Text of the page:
The recent political unrest expressed by the Egyptians, the wave of protests and the recent uprising by the people, should be viewed as a "teachable moment for the Obama administration".

The people of Egypt, are exemplifying the process of democracy, they should decide and vote for their next leader and government. They are entitled in having their individual rights, civil liberties acknowledged and their voices heard, by engaging in a newly formulated democratic process. The international community should be closely consulting and listening to the EU member states and Turkey as to what should be next for Egypt after Mubarak resigns, not the Saudi Monarchy and King Abdullah, who are more concerned with the potential future changes for the Middle-Eastern political landscape in a future post Mubarak Egypt. Mubarak as Egypt's leader, should adhere to the will of Egyptians calling for his dismissal.

anya
|
California, USA
February 3, 2011

Anya in California writes:

I really want the US to pull *ALL* aid from Egypt. We should not be supporting this dictator, most particularly when most of the entire country of Egypt is tired of this dictator and want a change!

NICHOLAS M.
|
Georgia, USA
February 3, 2011

Nicholas M. in Georgia (U.S.A.) writes:

Dearest Mrs Clinton all those demonstrators are dead people walking especially those who showed their faces on tv to talk and complain. for now all the empty homes and businesses are being monitored, all the twwets, face book accounts as well. dealing with dictators in Africa is no joke you risk death if you do not achieve your aim. I pity all those women, kids and young men. at least if there is negotiations at this time it will be better than when they go home with Mubarak in power some one has to pay for the damage, the dignity lost the demonstration and the burnt out buildings. many of these demonstration will be execute by gangs no doubt about that and buried in the desert. please do something for these people because when they decide to put their lives on line then every one will call for a jihad against any one who is against them . they have nothing to face but death now. six months reform cannot account for 30 years of emergency rule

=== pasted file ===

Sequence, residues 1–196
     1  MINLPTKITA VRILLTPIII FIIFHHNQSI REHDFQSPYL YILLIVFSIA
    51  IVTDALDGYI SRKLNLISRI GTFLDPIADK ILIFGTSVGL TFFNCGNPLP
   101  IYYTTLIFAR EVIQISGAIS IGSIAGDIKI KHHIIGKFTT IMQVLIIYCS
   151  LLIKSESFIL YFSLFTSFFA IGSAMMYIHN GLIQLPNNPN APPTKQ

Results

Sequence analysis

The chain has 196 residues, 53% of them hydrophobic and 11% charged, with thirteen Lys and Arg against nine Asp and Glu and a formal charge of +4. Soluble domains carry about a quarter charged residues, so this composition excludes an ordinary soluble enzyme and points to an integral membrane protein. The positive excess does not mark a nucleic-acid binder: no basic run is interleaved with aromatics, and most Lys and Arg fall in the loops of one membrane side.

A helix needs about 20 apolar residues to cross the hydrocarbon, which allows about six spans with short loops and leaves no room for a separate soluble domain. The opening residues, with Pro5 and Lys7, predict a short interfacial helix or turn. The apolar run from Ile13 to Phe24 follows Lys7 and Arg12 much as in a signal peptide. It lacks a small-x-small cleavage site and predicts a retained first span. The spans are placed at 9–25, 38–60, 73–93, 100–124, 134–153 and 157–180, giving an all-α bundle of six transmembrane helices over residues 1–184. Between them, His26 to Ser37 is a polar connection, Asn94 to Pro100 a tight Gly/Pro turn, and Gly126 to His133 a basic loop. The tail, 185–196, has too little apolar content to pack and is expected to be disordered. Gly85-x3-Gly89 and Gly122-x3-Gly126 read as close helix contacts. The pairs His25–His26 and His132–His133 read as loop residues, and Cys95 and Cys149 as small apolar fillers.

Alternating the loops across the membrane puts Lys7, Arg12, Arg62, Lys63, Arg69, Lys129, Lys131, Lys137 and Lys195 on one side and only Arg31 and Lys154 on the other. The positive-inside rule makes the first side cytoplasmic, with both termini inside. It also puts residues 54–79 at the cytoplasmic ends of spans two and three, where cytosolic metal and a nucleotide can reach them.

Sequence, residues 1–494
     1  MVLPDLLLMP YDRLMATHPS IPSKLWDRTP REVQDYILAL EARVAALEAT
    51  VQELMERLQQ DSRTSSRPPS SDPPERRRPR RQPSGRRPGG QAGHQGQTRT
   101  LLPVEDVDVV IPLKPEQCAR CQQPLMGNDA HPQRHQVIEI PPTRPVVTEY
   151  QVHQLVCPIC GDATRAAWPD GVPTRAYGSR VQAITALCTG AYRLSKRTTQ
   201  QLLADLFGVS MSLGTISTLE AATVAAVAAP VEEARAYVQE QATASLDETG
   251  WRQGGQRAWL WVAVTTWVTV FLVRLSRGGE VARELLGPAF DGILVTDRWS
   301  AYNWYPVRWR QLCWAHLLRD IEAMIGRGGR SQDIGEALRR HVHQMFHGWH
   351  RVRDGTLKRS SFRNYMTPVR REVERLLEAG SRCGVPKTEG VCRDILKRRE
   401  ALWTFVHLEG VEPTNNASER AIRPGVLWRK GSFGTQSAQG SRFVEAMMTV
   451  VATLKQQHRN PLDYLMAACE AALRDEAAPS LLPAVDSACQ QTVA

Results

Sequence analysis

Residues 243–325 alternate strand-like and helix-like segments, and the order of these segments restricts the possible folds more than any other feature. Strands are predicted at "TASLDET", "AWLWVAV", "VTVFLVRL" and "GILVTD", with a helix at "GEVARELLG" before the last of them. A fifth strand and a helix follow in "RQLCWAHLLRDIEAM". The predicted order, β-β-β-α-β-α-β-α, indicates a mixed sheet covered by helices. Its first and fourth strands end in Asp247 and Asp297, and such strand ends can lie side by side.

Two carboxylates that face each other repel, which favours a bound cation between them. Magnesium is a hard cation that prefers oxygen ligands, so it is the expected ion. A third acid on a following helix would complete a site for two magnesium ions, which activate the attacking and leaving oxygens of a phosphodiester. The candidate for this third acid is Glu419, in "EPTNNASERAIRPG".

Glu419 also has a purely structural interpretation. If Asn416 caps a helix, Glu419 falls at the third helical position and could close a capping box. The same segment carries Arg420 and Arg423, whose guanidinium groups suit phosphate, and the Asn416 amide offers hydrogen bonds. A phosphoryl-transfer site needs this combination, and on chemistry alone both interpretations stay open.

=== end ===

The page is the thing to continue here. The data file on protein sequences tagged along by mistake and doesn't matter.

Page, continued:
Ron
|
New York, USA
February 3, 2011

Ron in New York writes:

Crisis Induction v. Human Security

Mubarak, a despot, is now responsible for crimes against humanity. How does he get to a podium? What is the USG and International Community afraid of? How can we continue to recognize sovereignty in a state which induces crisis as a response to the people's call for Human Security?

mohamed a.
February 3, 2011

Mohamed A. in Africa writes:

the egyptian revolutian train has left the station.its time western nations decide who they support,its obvious they feel grateful for the 30 y of mubarak oppresion of his nation that benefitted the west.with or without usa help mubarak is going down soon,there will be no orderly transition to another usa pupet.dont craft your policies based upon israeli fears.game over.

Ron
|
New York, USA
February 3, 2011

Ron in New York writes:

Domestic Renditions....Egypt Implodes.

Journalists Attacked...

Media/Internet/Cellphone/lockdowns/blackouts

Video Surveillance/roundups/targeted violence

stepped up rhetoric and repression

UN troop withdrawal....US Evacs.

Where's the Intervention?

Ron
|
New York, USA
February 3, 2011

Ron in New York writes:

Egyptenstein.....

"...it's alive, alive!"

A result of decades of geo-political, economic and social experimentation.

Ron
|
New York, USA
February 4, 2011

Ron in New York writes:

Mubarak has already set his succession and has provided the forwarding address for the $1.5 b.

He's the arsonist who is shouting "Fire".

End it.

Ron
|
New York, USA
February 5, 2011

Ron in New York writes:

Dominoes........

Middle-east got the e-memo on Freedom.

Time to convene the regional leadership to craft a new design that works for all the people. The despots will fall down by themselves; focus on the donut...not on the hole.

.